Paris is Burning Livingston, Jennie, Pepper Labeija, Kim Pendavis, Freddie Pendavis, Dorian Corey, Venus Xtravaganza, Willi Ninja, and Laurent O. St. Paris Is Burning. United States: Fox Lorber Home Video, 1992.


Adrian Piper: Bowles, John P. Adrian Piper: Race, Gender, and Embodiment. Durham [NC: Duke University Press, 2011. Internet resource.


Ethnicity and Sexuality: Joane, Nagel:Annual Review of Sociology, Vol. 26, (2000), pp. 107-133:Published by: Annual Reviews


The Line between Minorities and Majorities

For my final project, I collaborated with Braden, Courtneigh, and Maggie to make a film about the soul of this class. Our idea was to ask our diverse, unbiased friends uncomfortable questions that were rather racist, sexist, and hostile towards lower classes. I played a significant part in the “casting” process, for I called all of my friends to the room and the numbers and diversity contributed much to the project. Courtneigh and Braden came up with questions such as, “What is the difference between a black man and a park bench?” and the punch line being: “the park bench can support a family”. That joke in particular made the people interviewed uncomfortable. Some thought it was funny but did not want to seem racist by laughing and some just found it offensive. There was also a Jewish joke said that did not offend three Jewish girls that were interviewed, which was shocking. A girl that was asked about her period making her higher in status than a man judging by the amount of pain she suffers thought the question was awkward. Why are women so bashful when it comes to talking about our periods? I remember a reading we were assigned by Amelia Jones. A performance by Carolee Schneemann that was highlighted in her article “Presence in Absentia” made me so uncomfortable, for she pulled a seemingly never-ending strip of paper out of her vagina. However, her real intention was not to make the audience uncomfortable; it was to “expose the fact that she is not lacking but possesses genitals, and they are nonmale,” (Jones para. 6). This was a feminist article, not one that was supposed to make me nauseous. So why did it? A question that referred to classism was about if the interviewed thought poor people were disgusting. The general consensus was very uplifting. They seemed disgusted with the question. When Braden asked one of the people interviewed what he thought of the word “fag”, the guy’s hurt response reminded me of how hurt one of the drag queens was in Paris is Burning when he felt oppressed by society. The drag queen said, “When you marry a woman you can do anything. You can almost have sex on the streets if you want to. But when you’re gay, you monitor everything you do,” (Paris is Burning). Granted, this movie was made in the 90’s, however it seems as if homosexuality is considered a minority today. Why is the word “fag” used if homosexuality is becoming more “acceptable” and more and more states are allowing gay marriage? John Howard Griffin, a white man, conducted an experiment that entailed him taking a trip to Louisiana disguised as a black man. He came to this conclusion: “I could have been a Jew in Germany, a Mexican in a number of states, or a member of any “inferior” group. Only the details would have differed. The story would be the same,” (Griffin para. 4). This idea shows that minorities are equal and the majorities believe they are superior. Our goal for our project was to see if people of our age and society could eliminate this line between the two social groups. However, I think it just proved that people are still afraid to speak their minds about these touchy, social issues.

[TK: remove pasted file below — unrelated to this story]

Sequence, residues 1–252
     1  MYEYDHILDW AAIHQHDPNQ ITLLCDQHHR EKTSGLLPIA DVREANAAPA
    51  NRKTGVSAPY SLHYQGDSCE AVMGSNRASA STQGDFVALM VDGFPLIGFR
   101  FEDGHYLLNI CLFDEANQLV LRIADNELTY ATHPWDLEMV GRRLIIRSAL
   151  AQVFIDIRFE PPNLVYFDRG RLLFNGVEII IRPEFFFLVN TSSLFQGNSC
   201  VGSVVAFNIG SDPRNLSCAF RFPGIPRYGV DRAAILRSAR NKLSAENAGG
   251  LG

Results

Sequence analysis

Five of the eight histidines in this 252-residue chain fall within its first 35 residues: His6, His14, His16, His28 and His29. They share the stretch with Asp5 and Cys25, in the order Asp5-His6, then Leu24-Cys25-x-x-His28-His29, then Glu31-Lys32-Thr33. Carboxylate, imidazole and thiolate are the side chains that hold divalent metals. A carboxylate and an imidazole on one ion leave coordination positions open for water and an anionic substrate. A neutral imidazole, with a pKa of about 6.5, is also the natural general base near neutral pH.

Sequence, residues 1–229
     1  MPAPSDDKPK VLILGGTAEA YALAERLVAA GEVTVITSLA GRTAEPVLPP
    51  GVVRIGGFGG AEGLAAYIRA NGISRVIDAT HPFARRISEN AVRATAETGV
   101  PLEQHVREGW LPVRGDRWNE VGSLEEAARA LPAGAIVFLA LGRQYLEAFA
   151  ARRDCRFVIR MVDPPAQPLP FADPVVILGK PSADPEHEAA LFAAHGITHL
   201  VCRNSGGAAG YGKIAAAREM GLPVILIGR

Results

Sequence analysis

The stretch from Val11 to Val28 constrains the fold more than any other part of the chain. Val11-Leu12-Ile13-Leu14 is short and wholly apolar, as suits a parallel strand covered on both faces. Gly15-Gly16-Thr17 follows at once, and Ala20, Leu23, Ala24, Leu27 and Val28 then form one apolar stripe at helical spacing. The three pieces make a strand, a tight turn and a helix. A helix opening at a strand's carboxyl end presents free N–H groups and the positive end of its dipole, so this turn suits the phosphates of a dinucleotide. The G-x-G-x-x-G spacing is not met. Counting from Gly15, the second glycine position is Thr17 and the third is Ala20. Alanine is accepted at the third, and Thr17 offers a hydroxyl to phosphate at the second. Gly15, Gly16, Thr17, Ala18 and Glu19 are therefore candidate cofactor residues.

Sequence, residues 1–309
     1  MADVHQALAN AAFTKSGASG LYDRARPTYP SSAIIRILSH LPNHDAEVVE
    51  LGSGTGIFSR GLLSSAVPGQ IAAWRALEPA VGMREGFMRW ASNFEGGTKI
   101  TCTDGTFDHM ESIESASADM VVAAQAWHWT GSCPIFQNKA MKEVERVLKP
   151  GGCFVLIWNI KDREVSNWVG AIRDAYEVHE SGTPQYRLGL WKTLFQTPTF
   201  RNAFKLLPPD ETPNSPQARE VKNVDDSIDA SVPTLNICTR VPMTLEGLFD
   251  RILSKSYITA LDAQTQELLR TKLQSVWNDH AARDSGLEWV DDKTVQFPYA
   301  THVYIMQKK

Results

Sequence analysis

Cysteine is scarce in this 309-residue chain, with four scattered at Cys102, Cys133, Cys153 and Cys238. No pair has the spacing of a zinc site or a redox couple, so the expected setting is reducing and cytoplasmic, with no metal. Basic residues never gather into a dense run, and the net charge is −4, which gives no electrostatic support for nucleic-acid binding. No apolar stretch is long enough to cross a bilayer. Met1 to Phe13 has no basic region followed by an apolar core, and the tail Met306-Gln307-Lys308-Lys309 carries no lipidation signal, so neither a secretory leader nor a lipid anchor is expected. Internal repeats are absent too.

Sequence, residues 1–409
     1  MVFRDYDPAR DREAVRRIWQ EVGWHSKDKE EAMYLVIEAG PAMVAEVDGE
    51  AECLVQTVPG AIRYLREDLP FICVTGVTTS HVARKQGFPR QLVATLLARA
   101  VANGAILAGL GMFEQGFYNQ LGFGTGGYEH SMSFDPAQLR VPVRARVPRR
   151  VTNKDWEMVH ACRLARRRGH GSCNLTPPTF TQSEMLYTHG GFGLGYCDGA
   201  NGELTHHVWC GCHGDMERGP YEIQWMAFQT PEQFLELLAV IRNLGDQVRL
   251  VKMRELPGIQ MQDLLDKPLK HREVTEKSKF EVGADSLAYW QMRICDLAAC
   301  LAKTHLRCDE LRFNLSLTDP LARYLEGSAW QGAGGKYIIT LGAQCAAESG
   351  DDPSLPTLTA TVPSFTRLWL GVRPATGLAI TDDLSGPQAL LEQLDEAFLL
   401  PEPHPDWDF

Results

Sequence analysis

Works Cited

Griffin, John H. “Black Like Me.” (n.d.): n. pag. Web.

Jones, Amelia. “Presence in Absentia.” (1997): n. pag. Web. <http:/http://art.usf.edu/File_Uploads/Presence.pdf>.

 Paris Is Burning. Prod. Jennie Livingston, Barry Swimar, Claire Goodman, Meg McLagan, Nigel Finch, and Davis Lacy. Dir. Jennie Livingston. By Jonathan Oppenheim, Paul Gibson, Maryse Alberti, and Stacia Thompson. [Prestige], 1990.

-Courtney Schenck